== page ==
by Ama Debrah
|Miss The Silversun Pickups for midterms? I think not.|
I’ve never been one to keep a calendar. Although I’d like to say it’s because I like to live in the moment and be spontaneous, it’s more because I’m lazy. Keeping a calendar means that I have to go through the physical act of writing information down or – even worse – clicking on the iCal application. Plus, if it’s really that important, I’ll remember it, right?
Therefore, it came as no surprise when, this past week, I realized that in addition to the paper and take-home midterm I had due that Wednesday, I also had agreed to see Silversun Pickups and Mika the preceding Monday and Tuesday. It was essentially a recipe for disaster.
How did I manage to justify seeing two concerts back-to-back in the eye of Hurricane Midterm? In addition to acknowledging that, yes, I will fail school and be forced to live in a cardboard box on 116th Street (who needs exposed brick when you can have cardboard?), I decided that after I witnessed some disgraceful manners on behalf of some of my fellow concertgoers, I would put together a do’s and don’ts list for having the absolute best concert experience possible.
|Who needs a degree when you can see Mika live?|
Expect your favorite band to play every song they’ve ever recorded
Do you know what’s worse than going to a concert and having the band not play your favorite song, even though it’s a hit that everyone loves? Nothing. (Yes, I’m talking to you, Incubus, and I’m referring to “Dig”). It’s best to go into a concert with absolutely zero expectations of what the band is going to play. That way, if the odds are in your favor and the band plays all your favorite songs, it’ll be even better. Thankfully, both Silversun Pickups and Mika understood my pain, and each artist played all their hits to their full glory.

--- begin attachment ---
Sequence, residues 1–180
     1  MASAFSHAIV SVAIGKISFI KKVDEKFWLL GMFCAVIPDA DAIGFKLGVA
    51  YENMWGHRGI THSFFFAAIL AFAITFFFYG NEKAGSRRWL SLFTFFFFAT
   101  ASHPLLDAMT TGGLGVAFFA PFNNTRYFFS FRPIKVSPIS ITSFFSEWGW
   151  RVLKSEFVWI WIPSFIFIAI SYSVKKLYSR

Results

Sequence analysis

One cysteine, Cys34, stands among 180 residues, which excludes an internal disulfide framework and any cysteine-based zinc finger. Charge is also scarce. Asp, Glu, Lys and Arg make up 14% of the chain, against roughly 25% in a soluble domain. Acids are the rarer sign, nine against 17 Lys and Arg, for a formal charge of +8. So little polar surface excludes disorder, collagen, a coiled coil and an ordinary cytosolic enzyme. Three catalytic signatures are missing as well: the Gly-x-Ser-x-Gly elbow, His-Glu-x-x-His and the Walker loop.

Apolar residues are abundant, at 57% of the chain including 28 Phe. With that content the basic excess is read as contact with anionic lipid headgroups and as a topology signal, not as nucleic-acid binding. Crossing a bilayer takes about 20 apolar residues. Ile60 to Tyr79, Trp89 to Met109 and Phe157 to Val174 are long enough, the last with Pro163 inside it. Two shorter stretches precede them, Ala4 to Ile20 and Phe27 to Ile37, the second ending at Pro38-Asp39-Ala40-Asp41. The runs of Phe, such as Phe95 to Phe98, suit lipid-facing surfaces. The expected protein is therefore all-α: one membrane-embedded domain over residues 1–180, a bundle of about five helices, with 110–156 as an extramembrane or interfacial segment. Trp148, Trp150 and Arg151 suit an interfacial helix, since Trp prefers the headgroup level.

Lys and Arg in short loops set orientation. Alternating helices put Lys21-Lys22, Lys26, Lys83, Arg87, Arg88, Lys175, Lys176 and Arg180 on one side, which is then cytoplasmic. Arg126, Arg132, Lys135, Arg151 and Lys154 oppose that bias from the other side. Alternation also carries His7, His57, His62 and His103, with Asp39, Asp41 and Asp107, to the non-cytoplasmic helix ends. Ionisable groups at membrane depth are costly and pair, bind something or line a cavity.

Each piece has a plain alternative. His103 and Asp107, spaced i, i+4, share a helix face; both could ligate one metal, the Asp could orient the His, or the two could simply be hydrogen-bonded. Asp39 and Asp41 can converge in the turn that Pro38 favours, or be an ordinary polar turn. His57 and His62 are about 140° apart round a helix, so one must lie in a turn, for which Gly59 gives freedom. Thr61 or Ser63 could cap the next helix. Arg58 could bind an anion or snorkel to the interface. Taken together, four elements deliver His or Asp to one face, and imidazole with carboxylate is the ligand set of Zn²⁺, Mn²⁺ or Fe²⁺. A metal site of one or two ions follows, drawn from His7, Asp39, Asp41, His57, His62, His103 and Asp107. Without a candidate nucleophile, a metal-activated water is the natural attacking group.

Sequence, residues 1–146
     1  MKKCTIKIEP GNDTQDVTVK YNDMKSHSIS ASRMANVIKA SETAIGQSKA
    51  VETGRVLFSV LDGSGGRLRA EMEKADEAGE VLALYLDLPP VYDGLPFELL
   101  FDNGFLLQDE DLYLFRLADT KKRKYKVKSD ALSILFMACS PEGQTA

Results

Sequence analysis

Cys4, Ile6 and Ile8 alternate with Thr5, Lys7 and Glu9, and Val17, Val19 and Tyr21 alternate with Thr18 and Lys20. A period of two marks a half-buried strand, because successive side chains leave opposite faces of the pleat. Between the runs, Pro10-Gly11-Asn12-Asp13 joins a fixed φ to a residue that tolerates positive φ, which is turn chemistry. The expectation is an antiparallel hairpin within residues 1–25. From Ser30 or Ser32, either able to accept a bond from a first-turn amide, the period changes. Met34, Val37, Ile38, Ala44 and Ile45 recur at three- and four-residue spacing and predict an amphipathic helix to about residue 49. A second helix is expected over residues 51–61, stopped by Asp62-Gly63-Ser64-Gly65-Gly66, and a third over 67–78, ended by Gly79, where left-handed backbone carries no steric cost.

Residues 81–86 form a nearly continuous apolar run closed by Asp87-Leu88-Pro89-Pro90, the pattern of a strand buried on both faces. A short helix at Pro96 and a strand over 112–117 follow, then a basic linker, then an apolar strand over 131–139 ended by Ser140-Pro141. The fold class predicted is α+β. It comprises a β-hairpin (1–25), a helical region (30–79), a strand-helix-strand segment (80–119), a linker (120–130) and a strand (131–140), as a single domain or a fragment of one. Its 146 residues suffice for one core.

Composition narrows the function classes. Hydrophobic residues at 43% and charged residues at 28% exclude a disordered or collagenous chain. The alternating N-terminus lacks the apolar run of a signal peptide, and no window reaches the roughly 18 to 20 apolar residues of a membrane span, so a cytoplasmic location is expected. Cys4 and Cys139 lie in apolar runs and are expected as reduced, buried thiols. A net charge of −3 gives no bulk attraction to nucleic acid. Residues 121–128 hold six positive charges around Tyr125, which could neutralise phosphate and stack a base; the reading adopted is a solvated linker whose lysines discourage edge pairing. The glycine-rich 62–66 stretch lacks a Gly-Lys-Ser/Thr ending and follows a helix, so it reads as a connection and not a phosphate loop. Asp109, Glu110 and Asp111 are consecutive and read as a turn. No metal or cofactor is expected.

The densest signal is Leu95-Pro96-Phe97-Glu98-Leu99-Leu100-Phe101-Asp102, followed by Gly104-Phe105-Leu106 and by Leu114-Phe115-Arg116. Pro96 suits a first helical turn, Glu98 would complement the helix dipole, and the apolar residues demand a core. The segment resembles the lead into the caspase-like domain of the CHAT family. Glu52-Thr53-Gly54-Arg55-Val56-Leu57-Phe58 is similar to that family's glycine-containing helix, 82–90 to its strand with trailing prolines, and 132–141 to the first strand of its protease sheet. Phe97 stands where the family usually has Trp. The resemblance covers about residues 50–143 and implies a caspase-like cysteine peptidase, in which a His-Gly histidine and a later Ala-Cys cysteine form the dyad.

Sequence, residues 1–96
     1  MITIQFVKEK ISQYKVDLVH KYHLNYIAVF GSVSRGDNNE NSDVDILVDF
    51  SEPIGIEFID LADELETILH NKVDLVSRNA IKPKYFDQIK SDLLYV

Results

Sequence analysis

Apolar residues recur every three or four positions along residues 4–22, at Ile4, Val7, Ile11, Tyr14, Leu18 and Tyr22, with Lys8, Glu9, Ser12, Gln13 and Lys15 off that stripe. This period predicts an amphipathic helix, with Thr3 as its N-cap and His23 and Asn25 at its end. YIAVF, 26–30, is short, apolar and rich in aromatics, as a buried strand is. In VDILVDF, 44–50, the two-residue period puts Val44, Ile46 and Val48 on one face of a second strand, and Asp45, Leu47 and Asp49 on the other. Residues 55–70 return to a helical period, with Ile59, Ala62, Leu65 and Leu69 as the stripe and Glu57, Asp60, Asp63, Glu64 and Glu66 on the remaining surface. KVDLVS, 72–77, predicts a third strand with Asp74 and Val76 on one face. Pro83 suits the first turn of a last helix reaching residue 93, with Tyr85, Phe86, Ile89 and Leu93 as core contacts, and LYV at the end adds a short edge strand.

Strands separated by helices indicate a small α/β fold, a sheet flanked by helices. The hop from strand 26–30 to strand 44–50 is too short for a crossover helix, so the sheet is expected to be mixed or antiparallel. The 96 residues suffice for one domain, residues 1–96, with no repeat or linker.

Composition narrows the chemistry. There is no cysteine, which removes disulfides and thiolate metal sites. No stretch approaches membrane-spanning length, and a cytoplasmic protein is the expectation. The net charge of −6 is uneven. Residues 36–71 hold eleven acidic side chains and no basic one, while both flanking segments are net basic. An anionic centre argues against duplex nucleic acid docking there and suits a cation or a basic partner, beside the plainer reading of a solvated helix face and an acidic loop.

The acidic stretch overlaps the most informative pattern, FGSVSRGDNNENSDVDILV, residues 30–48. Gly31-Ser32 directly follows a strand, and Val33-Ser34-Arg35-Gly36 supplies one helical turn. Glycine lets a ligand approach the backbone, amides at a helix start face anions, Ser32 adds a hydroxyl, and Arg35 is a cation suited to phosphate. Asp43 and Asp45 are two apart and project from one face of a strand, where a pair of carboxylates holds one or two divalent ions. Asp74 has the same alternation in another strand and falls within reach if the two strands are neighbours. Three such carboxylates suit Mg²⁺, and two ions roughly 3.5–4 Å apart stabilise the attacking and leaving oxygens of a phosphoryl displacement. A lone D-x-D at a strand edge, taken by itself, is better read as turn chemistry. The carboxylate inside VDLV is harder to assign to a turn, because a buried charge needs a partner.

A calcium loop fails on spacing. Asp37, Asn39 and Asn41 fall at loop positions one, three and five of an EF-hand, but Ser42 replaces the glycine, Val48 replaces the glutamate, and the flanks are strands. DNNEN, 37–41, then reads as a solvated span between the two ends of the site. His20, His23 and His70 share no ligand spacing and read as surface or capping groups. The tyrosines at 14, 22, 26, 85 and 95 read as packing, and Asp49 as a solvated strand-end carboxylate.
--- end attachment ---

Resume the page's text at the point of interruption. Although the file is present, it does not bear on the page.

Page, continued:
Expect the band to go on stage on time
But, actually. Each guitar is going to be tuned eighty-five times, the mics checked sixty-four times, and then we have to wait for the band to finish watching Lord Of The Rings: The Return of the King. How much time could we cut out of the set-up between bands if, I don’t know, maybe three roadies tuned and/or tapped wires to the ground at the same time? I really don’t think the stage is going to break if there’s more than one roadie setting stuff up at once, but then again, what do I know.
Mistake being at a concert for being at the library
Surprisingly, both Silversun Pickups and Mika had an extremely grouchy crowd. At Silversun Pickups, some fourteen-year-old pre-pubescent boy kept giving me the stink-eye because I (gasp!) yelled during “Panic Switch.” Finally, I returned the stink-eye and demanded in my best NeNe Leakes impersonation, “Yes? Is there a problem?” He then realized he was giving the stink eye to a grown-ass woman and backed down. Similarly, at Mika, a fight almost broke out in the crowd when someone tried to push their way to the front, and I was also berated for allegedly poking some fussy German woman during the opening act.
Expect the opening act to suck